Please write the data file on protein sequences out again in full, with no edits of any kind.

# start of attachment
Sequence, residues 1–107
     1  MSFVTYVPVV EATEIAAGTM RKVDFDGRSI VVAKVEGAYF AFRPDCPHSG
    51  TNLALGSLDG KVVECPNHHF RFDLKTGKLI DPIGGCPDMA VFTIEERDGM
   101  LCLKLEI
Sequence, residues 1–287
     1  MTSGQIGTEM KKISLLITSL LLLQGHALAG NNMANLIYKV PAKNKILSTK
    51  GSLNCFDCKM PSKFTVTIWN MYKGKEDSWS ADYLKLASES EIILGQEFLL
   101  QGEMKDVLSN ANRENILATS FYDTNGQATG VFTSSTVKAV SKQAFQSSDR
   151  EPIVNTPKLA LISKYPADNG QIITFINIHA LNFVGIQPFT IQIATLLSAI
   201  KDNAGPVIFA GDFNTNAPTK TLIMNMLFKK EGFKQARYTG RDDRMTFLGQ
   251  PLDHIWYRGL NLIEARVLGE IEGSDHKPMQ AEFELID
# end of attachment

Sequence, residues 1–107
     1  MSFVTYVPVV EATEIAAGTM RKVDFDGRSI VVAKVEGAYF AFRPDCPHSG
    51  TNLALGSLDG KVVECPNHHF RFDLKTGKLI DPIGGCPDMA VFTIEERDGM
   101  LCLKLEI
Sequence, residues 1–287
     1  MTSGQIGTEM KKISLLITSL LLLQGHALAG NNMANLIYKV PAKNKILSTK
    51  GSLNCFDCKM PSKFTVTIWN MYKGKEDSWS ADYLKLASES EIILGQEFLL
   101  QGEMKDVLSN ANRENILATS FYDTNGQATG VFTSSTVKAV SKQAFQSSDR
   151  EPIVNTPKLA LISKYPADNG QIITFINIHA LNFVGIQPFT IQIATLLSAI
   201  KDNAGPVIFA GDFNTNAPTK TLIMNMLFKK EGFKQARYTG RDDRMTFLGQ
   251  PLDHIWYRGL NLIEARVLGE IEGSDHKPMQ AEFELID